The documents in question were said to have been discovered by an app developer called Six4Three. Six4Three was developing an unsavory app that in theory would have allowed users to find pictures of their Facebook friends in bikinis. During the development of the app Facebook drastically altered what information app developers had access to allegedly bankrupting Six4Three. While the app may have been distasteful at best it does show how Facebook reportedly played fast and loose with users’ private data. After Six4Three went bankrupt, they sued Facebook in California for breach of contract. It was during Six4Three’s discovery process that they came across internal Facebook documents that allegedly show how Facebook allowed the Cambridge Analytica scandal to occur including confidential emails between senior executives, and communication with Mark Zuckerberg.Facebook is requesting that Parliament not make the documents public due to the fact that the documents have been sealed in a California lawsuit. However, legally Parliament does not have to grant this request and the documents may be made public as early as tomorrow. Instead of sending Mark Zuckerberg to appear before Parliament, Facebook is instead sending its Vice President for Public Policy Solutions Richard Allan.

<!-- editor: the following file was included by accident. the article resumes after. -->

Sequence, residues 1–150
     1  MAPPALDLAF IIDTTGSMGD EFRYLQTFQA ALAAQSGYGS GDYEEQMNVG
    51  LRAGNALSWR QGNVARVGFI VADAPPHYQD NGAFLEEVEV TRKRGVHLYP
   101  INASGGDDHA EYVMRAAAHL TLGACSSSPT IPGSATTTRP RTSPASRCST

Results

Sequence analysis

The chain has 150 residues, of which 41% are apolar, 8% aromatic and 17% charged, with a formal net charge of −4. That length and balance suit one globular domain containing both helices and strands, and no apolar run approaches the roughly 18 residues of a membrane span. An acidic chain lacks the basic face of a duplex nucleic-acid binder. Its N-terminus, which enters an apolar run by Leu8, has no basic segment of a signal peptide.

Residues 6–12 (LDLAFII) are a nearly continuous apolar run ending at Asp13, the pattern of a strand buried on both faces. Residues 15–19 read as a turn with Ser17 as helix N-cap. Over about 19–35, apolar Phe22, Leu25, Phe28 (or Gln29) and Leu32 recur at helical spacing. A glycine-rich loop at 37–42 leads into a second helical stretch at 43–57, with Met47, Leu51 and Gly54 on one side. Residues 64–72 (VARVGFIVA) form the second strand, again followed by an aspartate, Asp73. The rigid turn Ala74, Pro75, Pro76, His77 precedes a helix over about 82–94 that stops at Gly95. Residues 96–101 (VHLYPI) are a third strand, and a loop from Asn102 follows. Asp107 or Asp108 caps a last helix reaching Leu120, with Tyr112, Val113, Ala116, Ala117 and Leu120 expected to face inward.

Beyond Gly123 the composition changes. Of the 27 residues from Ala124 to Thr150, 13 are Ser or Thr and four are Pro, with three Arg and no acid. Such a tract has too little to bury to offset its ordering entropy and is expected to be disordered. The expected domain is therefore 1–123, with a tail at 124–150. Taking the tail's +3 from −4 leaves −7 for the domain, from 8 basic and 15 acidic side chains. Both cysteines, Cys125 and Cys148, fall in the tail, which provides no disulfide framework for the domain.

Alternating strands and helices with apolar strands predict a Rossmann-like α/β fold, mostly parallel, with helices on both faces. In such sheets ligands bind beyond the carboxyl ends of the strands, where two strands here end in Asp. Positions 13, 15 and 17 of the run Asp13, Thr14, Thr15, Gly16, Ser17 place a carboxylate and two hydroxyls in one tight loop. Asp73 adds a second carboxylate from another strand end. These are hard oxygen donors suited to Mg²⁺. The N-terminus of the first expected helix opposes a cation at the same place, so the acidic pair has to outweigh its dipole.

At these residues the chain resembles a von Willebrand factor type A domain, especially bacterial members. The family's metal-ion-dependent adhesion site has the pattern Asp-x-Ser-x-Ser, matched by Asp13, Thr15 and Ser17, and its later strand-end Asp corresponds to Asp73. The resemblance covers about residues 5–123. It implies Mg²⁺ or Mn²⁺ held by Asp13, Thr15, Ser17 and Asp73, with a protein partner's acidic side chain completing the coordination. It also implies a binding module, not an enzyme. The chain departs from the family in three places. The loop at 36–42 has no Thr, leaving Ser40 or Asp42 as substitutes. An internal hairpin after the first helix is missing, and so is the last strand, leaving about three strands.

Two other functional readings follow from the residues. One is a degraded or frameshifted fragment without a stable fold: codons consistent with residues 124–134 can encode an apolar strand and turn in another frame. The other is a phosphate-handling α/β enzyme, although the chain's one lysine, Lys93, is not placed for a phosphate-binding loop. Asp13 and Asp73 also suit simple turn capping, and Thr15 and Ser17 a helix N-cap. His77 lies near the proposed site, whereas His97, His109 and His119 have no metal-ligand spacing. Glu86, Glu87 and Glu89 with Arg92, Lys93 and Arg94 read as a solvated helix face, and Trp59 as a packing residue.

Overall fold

While the timing of this seizure seems to be incredibly convenient for Parliament, the fact that Facebook seems to be even more evasive than usual almost speaks volumes about Facebook’s alleged role in the Cambridge Analytica debacle. With reports ensuing in the months after the scandal that Facebook growth has stagnated and that they’re supposedly desperate to keep users engaged on their platform, a company-wide cover-up is not out of the realm of possibility. With Parliament taking action that Congress wouldn’t, could we be seeing the beginning of the end for Facebook? What weight will any Parliament action hold against a US-based company even though Facebook had exposed the data of millions of UK citizens? Is Facebook the Enron of privacy? With any luck, we’ll know the answers to those questions within the next 48 hours.